Child tax credit: Treasury, IRS disburse second round of payments

Millions of American households are set to receive their second round payments of the Biden administration’s expanded child tax credit.

The Internal Revenue Service and Department of the Treasury announced Friday that more than $15 billion have been dispersed in the August batch of payments. 

The tax credit gives parents an additional $3,600 per year for every child younger than 6, and $3,000 per year for every child between 6 and 17 years old. Families who opt to receive the credit in monthly payments get $300 for kids younger than 6 and $250 for kids between 6 and 17.

Most families will receive their August payments via direct deposit while others have opted for checks in the mail. But a technical issue will cause a small percentage of those who chose direct deposits to receive a physical check this month.

The Treasury expects that issue to be resolved by the time the September payments are distributed.

Last month, President Joe Biden said the tax credit has the potential to reduce child poverty the same way social security reduced poverty among the elderly. And there’s data from the Census Bureau’s Household Pulse Survey to suggest its doing just that.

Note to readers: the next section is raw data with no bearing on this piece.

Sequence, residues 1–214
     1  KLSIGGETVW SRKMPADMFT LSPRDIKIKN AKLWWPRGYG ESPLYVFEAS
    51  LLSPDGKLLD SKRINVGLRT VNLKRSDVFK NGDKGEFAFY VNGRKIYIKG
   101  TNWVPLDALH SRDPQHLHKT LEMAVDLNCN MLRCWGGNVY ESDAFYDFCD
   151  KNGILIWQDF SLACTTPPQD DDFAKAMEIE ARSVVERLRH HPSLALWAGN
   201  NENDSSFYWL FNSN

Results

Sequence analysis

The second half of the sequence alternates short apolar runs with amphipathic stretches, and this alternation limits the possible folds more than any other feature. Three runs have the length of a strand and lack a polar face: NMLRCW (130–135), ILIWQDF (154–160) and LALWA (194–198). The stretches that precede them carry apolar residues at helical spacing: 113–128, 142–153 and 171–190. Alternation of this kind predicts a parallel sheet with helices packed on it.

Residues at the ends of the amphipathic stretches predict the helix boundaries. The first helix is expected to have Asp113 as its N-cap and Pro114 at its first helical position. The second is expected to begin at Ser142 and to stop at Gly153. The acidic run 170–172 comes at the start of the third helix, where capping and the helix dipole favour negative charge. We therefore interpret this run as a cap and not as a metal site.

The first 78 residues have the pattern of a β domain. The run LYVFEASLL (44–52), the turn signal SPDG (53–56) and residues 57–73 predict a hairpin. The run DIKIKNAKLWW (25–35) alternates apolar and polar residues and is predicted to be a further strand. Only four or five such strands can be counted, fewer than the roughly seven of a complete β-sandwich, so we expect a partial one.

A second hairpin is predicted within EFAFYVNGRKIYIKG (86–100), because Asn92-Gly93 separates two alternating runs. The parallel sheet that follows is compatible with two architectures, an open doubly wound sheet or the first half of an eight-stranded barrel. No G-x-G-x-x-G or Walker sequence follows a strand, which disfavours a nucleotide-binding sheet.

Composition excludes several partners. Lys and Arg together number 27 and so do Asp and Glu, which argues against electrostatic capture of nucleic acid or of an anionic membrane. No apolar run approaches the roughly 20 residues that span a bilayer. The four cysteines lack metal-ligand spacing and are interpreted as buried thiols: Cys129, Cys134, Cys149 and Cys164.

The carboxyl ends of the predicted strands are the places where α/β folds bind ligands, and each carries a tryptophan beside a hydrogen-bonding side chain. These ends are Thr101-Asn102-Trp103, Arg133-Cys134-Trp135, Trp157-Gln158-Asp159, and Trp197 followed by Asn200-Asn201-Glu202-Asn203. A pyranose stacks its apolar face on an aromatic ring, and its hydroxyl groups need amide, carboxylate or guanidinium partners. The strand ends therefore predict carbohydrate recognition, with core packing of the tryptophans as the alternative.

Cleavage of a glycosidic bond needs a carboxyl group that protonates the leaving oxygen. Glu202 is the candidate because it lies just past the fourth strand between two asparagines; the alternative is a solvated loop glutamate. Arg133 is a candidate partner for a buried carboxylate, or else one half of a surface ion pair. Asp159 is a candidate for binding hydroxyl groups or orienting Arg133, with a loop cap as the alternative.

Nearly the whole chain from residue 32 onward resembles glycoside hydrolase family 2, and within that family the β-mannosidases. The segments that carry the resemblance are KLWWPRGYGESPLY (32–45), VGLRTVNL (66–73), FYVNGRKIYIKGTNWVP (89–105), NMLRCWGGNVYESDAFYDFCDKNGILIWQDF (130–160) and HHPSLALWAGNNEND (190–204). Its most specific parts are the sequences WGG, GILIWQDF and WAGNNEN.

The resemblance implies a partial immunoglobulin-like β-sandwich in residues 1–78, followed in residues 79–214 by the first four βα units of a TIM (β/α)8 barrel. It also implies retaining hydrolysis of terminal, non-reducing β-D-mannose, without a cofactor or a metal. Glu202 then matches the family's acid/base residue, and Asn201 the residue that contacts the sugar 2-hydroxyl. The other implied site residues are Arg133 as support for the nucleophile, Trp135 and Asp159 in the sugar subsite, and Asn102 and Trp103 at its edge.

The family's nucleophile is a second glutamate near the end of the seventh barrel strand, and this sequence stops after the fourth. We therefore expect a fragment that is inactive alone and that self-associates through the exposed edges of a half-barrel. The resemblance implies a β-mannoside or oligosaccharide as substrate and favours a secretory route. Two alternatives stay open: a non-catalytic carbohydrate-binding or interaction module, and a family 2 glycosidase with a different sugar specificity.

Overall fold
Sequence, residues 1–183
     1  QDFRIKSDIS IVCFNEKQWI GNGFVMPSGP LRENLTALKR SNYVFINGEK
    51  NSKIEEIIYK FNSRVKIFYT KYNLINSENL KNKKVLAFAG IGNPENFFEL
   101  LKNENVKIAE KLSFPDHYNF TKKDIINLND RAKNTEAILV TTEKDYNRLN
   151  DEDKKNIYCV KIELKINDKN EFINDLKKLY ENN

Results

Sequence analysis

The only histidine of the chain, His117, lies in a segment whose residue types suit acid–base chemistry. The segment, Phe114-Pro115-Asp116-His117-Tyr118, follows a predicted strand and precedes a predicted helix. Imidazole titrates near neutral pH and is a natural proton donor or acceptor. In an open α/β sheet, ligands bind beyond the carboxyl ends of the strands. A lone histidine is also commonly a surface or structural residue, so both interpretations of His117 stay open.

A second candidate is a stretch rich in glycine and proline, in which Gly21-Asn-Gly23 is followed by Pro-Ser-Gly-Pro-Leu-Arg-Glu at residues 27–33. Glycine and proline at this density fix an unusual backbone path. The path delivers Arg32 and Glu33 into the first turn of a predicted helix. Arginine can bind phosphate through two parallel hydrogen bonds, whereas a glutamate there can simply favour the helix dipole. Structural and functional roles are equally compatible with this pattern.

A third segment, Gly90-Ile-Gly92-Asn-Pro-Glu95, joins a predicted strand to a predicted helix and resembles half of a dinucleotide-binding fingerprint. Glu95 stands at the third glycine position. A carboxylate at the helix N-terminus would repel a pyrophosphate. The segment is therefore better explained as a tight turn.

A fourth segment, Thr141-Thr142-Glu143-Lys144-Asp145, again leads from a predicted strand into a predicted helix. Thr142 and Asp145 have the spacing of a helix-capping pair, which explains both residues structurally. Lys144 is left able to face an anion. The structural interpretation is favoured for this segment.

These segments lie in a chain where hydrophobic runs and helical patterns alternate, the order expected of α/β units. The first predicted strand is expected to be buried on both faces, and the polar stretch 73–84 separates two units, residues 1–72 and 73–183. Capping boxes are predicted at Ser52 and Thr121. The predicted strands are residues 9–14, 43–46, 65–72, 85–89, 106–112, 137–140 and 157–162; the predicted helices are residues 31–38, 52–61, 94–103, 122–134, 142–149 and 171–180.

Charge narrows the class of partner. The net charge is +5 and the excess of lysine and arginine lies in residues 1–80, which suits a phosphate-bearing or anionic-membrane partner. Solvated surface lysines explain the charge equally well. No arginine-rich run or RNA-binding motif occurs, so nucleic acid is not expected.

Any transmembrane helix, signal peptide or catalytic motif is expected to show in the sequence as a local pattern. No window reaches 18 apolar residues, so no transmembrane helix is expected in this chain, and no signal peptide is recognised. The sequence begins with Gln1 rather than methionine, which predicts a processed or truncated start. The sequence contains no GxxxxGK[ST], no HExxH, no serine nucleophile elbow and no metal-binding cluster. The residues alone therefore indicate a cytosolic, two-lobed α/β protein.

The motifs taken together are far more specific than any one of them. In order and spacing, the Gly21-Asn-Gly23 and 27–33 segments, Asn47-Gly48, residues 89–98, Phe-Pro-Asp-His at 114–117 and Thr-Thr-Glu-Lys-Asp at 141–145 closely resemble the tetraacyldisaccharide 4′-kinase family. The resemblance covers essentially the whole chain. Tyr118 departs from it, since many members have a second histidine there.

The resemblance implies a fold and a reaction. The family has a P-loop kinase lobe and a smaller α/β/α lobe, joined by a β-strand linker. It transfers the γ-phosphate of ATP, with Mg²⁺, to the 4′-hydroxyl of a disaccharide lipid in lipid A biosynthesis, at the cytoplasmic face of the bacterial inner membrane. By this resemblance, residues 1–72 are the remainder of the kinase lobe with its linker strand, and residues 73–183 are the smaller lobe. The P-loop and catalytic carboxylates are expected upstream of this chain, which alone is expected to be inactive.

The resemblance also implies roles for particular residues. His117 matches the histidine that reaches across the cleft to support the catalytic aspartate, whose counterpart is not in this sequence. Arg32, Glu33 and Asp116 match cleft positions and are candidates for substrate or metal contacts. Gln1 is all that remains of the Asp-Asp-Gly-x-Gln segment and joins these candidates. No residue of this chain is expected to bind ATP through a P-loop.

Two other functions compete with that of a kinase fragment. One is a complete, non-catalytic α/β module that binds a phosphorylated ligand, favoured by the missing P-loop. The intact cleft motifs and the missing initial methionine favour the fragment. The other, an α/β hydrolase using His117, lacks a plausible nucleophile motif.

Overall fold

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Parents reported less trouble covering expenses like food and other household costs after the first payments rolled out last month. The number of families reporting they did not have enough to eat also dropped to the lowest point since the onset of the COVID-19 pandemic. 

"Today 61 million children across America are benefiting from the advance Child Tax Credit, helping families put food on the table and meet the needs of the next generation," said Deputy Secretary Wally Adeyemo. "We want every eligible family to have access to the advance Child Tax Credit, which is why we will continue our outreach efforts to drive enrollment as our children return to school."

The previous child tax credit was capped at $2,000 per year. And it was only available to families who earned enough money to owe income taxes. Minority households often failed to qualify for the previous credit.


The seal of the US Treasury Department is seen on the outside of the Treasury building in Washington on August 19, 2011. AFP PHOTO/Saul LOEB / AFP PHOTO / SAUL LOEB (Photo credit should read SAUL LOEB/AFP via Getty Images)

The expanded child tax credit expires at the end of 2021, but Biden has expressed desires to see it extended through 2025 — ultimately becoming permanent.

En route to that, the Treasury announced its commitment to making a permanent, multi-lingual and mobile-friendly sign-up tool to help more Americans who do not regularly file taxes to claim their child tax credit. And its pledged to partner with Congress to make sure it remains fully resourced and funded.

In the meantime, Code for America is creating a similar tool, which will be available in the coming weeks.

This story was reported from Atlanta.